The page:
The Revisit: Arrested Development Tennessee
Hip-Hop 20th Anniversary Edition
Artist: Arrested Development
Album: 3 Years, 5 Months, 2 Days In the Life of
Label: EMI/ Chrysalis Records
How blinded was the writer of this review to overlook at the symbolic importance of hip-hop group Arrested Development’s (AD) 1992 groundbreaking hit “Tennessee.” The television channel or radio dial would change when this video or song would broadcast. Perhaps, being a naïve adolescent at the time of its release and having lack of knowledge of what AD represented as a movement resonated little to no buzz to these two ears. In addition, the rebelliousness of a teenager not fully grasping the theological aspect of a GOD driven purpose life is the notion of this song’s disregard.
The fascination with “Tennessee” developed during the writer’s college years during a class presentation. The revisiting of this song helped gain an appreciative insight for Arrested Development. What continuously keeps the writer’s head nodding is the song’s use of the mesmerizing sample of Prince’s “Alphabet Street” and it’s reiteration of the word “Tennessee” that gives the song its mystique before rapper Speech delivers his heartfelt sensibilities. Rarely in today’s hip-hop where equilibrium in flow and production are imbalanced, the vitriol flow of the rapper and architect sound of “Tennessee” becomes succinct like blood cousins.
The song’s aphoristic and homily messages are attention grabbers. The first verse, “I don’t know where I can go/ To let these ghosts out of my skull/ My grandma’s past, my brother’s gone/ I never at once felt so alone,” is the cynosure of the song’s encomium. Speech mourns over the passing of two significant people in his life just a few days apart. He lyrically drowns in profound infliction while asking the Lord for guidance as he expands, “Take me to another place/ Take me to another land/ Make me forget all that hurts me/ Let me understand your plan.” The crooning of AD’s Aerle Taree in the chorus gives “Tennessee” its vivifying and yearning coarse.
The sentientness and spirituality enshrined in song gives it its timelessness in hip-hop. “Lord its obvious we got a relationship/ Talkin’ to each other every night and day…I set myself on a quest for truth/ And He was there to quench my thirst/ But I am still thirsty.” The break or pause between “thirsty” and the next lyric exhibits hardship, misery, reflection on life, and a moment of silence for the deceased, and the hunger for the word of GOD.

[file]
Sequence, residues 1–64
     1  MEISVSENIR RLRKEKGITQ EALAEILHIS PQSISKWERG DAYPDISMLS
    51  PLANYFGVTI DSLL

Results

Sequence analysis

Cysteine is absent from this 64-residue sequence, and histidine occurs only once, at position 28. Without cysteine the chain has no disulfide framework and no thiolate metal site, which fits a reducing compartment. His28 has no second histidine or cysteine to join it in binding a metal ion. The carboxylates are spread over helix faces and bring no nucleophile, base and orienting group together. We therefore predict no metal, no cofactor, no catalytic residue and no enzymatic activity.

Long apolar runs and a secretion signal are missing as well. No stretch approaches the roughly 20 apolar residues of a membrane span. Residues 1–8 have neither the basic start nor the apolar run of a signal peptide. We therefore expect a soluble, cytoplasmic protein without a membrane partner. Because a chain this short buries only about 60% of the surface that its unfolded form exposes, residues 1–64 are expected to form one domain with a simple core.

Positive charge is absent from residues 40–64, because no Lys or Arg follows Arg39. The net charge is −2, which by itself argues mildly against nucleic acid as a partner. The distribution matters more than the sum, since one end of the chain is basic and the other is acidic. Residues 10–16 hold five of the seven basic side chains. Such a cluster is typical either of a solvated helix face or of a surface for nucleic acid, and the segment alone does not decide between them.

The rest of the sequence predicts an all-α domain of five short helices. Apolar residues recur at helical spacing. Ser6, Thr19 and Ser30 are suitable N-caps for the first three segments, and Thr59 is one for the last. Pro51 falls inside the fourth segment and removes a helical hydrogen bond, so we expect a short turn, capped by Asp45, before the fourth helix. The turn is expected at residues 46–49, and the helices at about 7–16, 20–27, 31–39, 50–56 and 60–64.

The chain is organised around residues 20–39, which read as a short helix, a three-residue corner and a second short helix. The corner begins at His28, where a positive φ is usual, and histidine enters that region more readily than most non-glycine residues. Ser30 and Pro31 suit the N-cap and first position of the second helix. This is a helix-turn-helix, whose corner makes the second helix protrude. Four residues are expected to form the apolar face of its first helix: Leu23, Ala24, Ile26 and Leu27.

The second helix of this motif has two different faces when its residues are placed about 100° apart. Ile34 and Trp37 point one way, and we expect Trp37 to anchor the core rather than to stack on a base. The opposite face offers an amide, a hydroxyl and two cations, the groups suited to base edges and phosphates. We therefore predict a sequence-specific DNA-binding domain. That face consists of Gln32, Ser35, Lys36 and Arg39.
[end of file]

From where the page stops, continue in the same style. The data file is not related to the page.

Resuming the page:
The journey to the Green Mile in the final verse is the epistle of ancestral expedition and biographical farsightedness, “Out of the country…past Dyesburg into Ripley/ Where the ghost of childhood haunt me/ Walk the roads my forefathers walked/ Climbed the trees my forefathers hung from/ Ask those trees for all their wisdom…Now I see the importance of history…Many journeys to freedom made in vain/ By brothers on the corner playin’ ghetto games.” This made the writer shed a tear. African Americans free of indentured servitude centuries ago are still chained to shackles from a mental aspect due to a corrupt system.
What better way for Speech and AD to euphoniously redeem themselves from subjugation than to put it on wax. In essence, Dionne Farris proves to be delivered by exhilarating a strong vocal box towards the song’s ending providing listeners a frigid sensation to ear canals and awakens the ancestors from their resting graves. Her angelic crooning lets one know one does not have to travel far when Farris proved there is a “Tennessee” in all of us if we look within ourselves.
The righteous “Tennessee” is not only a historical landmark. It is hip-hop’s form of self-discovery and salvation making “Tennessee” and Arrested Development close but Distant Relatives.
-Hector De La Rosa-